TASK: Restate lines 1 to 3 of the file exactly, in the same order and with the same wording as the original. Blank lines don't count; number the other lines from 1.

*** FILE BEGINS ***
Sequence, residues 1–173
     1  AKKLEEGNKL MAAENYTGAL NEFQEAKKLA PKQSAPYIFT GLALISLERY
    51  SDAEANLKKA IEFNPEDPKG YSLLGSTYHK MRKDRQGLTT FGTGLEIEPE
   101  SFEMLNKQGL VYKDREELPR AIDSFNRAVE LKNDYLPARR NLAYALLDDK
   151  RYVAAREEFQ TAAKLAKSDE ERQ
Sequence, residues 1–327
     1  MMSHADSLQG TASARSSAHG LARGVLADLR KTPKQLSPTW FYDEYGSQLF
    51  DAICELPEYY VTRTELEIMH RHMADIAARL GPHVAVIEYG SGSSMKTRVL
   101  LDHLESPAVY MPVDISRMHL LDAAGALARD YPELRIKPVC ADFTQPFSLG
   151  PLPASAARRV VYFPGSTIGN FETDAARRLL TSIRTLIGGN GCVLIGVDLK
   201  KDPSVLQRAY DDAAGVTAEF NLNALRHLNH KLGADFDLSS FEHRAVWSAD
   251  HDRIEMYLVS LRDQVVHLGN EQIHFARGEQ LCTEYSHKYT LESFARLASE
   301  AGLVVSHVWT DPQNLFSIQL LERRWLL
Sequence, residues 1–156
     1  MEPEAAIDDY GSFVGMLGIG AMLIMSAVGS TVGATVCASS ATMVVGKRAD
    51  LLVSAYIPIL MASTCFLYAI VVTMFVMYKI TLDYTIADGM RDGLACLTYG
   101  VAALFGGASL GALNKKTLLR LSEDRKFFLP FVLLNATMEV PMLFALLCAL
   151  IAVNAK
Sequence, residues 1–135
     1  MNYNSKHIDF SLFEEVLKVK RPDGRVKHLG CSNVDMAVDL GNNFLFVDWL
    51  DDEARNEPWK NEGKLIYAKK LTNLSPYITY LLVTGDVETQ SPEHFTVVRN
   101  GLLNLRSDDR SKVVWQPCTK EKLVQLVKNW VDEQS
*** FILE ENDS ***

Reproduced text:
Sequence, residues 1–173
     1  AKKLEEGNKL MAAENYTGAL NEFQEAKKLA PKQSAPYIFT GLALISLERY
    51  SDAEANLKKA IEFNPEDPKG YSLLGSTYHK MRKDRQGLTT FGTGLEIEPE